A specific mystery, is contained in the local newspapers of Philadelphia, particularly that of the Philadelphia Inquirer, for May 12, 1896, as found in an article entitled, “Giant Animal’s Bones: Curious Skeleton is Unearthed in a West Philadelphia Quarry.” The story states that workmen at Fifty-Fifth Street and Wyalusing Avenue, at the Pemberton’s Stone Quarry, were blasting and uncovered a cavern, which “ran back underground some thirty feet.” At the cave or tunnel’s end, “stood a skeleton,” which was “not unlike a mammoth,” with “four great tusks” and a number of large teeth, along with a bones lying nearby, which “looked like a human skull.”
The above article goes on to attest that scientists from the Wistar Institute (which still exists today at the University of Pennsylvania), but more specifically its Curator, “Dr. Milton Greenman” (1866-1937), had visited the cave, examined what was left of the bones (many having been carried off as souvenirs by the public), and declared in his belief it was too small to have been that of a mastodon, perhaps “a large bear,” though “in many respects the animal looked like a rhinocerous.” The human skull, in his estimation being “that of an Indian,” both creatures having lived roughly four to five-hundred years ago.
More mysteriously atlases or maps of the time, do not show a Pemberton Stone Quarry at 55th and Wyalusing, neither have any papers survived of Dr. Greenman for 1896, either from the University of Pennsylvania’s Archives nor at the Wistar Institute. Neither does the Academy of Natural Sciences appear to have any data concerning the discovery as well.
Naturally, scientific hoaxes were prevalent and published frequently within the nation’s newspapers during the 19th century, but the article in question is quite specific in its location, persons involved, as well as theoretical interpretation of said artifacts. Nothing is recorded in regard to any one receiving any gain or profit from the discovery.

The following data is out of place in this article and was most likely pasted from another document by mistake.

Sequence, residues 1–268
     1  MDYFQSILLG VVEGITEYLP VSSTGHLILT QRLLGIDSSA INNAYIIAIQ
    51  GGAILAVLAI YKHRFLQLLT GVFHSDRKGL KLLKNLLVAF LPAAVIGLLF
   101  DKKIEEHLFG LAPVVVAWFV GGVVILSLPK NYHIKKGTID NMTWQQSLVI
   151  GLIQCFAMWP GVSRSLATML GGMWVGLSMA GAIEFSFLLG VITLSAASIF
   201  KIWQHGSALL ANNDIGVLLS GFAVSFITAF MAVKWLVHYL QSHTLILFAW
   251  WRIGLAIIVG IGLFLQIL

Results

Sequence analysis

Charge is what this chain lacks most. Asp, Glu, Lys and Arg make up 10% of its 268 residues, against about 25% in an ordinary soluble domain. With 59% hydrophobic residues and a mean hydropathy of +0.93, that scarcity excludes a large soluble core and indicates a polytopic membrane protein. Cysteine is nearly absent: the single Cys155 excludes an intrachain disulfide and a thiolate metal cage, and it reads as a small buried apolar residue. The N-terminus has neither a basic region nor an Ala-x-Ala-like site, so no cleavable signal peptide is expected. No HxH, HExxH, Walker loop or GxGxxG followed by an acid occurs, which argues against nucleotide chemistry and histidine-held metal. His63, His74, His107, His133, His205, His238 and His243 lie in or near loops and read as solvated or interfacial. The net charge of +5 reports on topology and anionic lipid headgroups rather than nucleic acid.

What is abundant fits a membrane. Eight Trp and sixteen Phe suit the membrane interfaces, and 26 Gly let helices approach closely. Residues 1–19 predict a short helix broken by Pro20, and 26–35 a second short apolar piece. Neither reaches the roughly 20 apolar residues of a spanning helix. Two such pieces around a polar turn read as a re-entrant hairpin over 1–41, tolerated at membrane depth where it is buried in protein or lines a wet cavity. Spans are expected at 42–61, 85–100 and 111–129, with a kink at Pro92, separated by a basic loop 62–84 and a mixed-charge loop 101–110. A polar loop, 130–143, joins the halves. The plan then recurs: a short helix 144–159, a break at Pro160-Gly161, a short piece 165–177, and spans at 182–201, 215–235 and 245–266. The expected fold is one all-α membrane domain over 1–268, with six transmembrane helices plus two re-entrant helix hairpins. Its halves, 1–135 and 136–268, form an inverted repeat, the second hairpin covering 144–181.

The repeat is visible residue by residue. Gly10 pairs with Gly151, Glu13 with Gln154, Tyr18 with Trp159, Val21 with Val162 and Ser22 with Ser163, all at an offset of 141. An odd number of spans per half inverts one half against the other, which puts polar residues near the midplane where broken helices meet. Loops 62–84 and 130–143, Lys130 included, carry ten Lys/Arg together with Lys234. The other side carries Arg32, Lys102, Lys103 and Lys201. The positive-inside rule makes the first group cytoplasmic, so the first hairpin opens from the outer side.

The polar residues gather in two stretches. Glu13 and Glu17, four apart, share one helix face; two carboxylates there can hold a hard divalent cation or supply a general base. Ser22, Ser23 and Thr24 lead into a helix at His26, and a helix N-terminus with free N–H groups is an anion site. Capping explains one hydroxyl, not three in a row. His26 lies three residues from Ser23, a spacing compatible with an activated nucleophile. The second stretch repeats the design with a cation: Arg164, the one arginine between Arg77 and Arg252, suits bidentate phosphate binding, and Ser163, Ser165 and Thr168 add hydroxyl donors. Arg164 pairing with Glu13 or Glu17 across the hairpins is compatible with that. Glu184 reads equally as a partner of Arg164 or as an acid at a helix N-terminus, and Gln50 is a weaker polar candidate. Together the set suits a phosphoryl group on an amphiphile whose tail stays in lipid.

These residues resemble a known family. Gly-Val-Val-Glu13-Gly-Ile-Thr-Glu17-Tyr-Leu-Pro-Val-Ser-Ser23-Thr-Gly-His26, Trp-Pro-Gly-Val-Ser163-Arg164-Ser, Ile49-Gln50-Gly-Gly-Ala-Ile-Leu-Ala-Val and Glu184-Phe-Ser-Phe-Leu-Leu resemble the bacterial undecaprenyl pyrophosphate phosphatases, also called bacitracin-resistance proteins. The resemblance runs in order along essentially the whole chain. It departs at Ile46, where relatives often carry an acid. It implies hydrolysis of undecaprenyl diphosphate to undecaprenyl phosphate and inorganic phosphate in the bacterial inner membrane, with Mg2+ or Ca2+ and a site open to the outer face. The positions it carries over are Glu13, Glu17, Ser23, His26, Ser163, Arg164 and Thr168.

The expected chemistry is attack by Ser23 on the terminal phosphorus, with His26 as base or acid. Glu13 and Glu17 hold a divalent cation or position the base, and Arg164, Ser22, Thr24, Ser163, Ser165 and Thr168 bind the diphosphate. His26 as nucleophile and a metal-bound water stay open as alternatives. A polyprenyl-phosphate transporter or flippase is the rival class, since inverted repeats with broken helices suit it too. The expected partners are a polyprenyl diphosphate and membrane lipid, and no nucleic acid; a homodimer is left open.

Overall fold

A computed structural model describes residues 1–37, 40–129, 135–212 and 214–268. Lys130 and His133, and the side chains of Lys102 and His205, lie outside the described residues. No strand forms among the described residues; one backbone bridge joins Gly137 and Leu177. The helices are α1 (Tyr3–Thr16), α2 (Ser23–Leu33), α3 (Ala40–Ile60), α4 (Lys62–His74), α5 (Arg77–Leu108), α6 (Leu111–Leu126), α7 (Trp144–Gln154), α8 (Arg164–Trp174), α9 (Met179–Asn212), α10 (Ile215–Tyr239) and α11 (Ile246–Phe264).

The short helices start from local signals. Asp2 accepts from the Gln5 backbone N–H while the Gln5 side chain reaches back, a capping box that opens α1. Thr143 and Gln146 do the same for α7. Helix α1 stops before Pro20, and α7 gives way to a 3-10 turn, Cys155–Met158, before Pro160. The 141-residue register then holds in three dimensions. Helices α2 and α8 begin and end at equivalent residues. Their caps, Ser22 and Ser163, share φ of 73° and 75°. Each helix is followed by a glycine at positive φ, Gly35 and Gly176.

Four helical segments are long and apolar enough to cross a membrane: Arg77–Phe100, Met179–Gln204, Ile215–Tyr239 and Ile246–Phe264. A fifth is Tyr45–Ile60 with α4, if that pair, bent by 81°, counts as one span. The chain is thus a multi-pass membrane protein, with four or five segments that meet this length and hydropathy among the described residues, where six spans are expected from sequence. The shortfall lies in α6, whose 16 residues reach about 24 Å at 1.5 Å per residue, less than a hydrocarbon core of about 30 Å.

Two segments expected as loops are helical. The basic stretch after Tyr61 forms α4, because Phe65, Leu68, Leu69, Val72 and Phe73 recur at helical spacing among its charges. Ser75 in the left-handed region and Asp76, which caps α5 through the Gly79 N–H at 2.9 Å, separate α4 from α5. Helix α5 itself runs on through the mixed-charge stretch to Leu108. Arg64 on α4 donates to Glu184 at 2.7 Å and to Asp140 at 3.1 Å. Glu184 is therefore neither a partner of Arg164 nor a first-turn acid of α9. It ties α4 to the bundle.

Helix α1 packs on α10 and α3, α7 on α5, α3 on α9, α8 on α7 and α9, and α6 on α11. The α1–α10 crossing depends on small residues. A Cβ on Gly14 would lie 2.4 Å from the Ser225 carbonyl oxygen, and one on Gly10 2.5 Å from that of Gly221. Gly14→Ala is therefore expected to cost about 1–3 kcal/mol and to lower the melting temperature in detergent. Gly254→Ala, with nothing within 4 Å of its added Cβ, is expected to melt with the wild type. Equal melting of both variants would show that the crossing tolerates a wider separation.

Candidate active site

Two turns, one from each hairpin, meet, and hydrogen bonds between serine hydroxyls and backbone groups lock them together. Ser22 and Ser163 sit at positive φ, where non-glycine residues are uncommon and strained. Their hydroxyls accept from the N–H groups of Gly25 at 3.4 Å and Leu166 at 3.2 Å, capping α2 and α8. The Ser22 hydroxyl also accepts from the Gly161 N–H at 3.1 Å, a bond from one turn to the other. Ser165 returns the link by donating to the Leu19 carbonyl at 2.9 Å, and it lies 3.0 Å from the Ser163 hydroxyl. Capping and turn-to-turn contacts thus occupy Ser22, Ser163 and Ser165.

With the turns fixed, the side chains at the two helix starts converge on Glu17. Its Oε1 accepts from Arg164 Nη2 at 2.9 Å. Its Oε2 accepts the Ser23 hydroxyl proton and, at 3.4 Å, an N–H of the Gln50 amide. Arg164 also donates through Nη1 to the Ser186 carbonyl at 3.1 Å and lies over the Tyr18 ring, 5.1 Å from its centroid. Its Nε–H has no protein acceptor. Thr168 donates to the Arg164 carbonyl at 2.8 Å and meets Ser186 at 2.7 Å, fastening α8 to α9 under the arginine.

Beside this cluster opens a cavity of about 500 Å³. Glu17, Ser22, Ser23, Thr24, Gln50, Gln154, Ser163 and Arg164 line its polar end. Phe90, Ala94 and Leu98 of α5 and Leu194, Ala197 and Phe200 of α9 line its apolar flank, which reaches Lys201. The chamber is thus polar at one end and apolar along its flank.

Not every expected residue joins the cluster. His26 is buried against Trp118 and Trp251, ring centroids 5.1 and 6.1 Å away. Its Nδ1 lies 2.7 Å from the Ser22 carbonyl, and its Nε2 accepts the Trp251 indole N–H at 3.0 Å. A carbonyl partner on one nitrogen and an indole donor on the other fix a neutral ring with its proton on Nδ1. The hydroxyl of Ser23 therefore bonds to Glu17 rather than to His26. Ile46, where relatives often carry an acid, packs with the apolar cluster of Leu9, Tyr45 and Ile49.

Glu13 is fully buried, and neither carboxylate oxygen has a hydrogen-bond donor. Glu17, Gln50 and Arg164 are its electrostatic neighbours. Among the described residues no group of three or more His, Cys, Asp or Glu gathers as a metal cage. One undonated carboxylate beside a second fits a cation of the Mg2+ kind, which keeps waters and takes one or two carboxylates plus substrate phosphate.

Some two months later in late July of 1896, a number of papers, both in and out of the state, recorded how, “the skeleton of what is reported to be a small mammoth,” was unearthed in West Philadelphia, along with the skull of an Indian, both of whose remains were sent to the “Wisconsin Institution,” no doubt a misprint or error for the Wistar Institute. After that, the story goes cold. I leave it up to the reader to perhaps uncover any further information about the whereabouts or exact definition of what was actually found if anything and share it with the author and our readers-at-large.
A library can be a bewildering place. For many middle and high school students, libraries are a labyrinth of stacks, databases, and jargon. Those with homework or projects requiring research often ask: Where do I start?
The Historical Society of Pennsylvania (HSP), one of the largest special collection libraries in the country, has the answer: Here.
To mark the World Meeting of Families and papal visit, HSP is making freely available the newest issue of its illustrated history magazine, Pennsylvania Legacies.
The issue explores the history of Pennsylvania’s Catholics, with articles examining the diversity—and sometimes conflict—within the early Catholic Church, the essential work of Catholic women religious in the 19th century, the organization and activism of African American Catholics at the turn of the 20th century, the important role of Catholic parishes in supporting immigrant communities, and much more.
In 2015, The Historical Society of Pennsylvania (HSP) launched HSP Encounters, a new digital resource comprised of an ever-growing number of genealogical and biographical databases.
HSP Encounters is an ongoing project in which records and materials deemed of high research value are digitized and made available to Friends of HSP online, in searchable form. Historical essays incorporated in the system describe each database as well as establish historical context for the records contained.
To highlight the databases in HSP Encounters, we'll be featuring historical essays describing the database's context and contents on Roots & Branches. The inuaugral essay, written by Laura Michel, looks at the Home Missionary Society of Philadelphia database.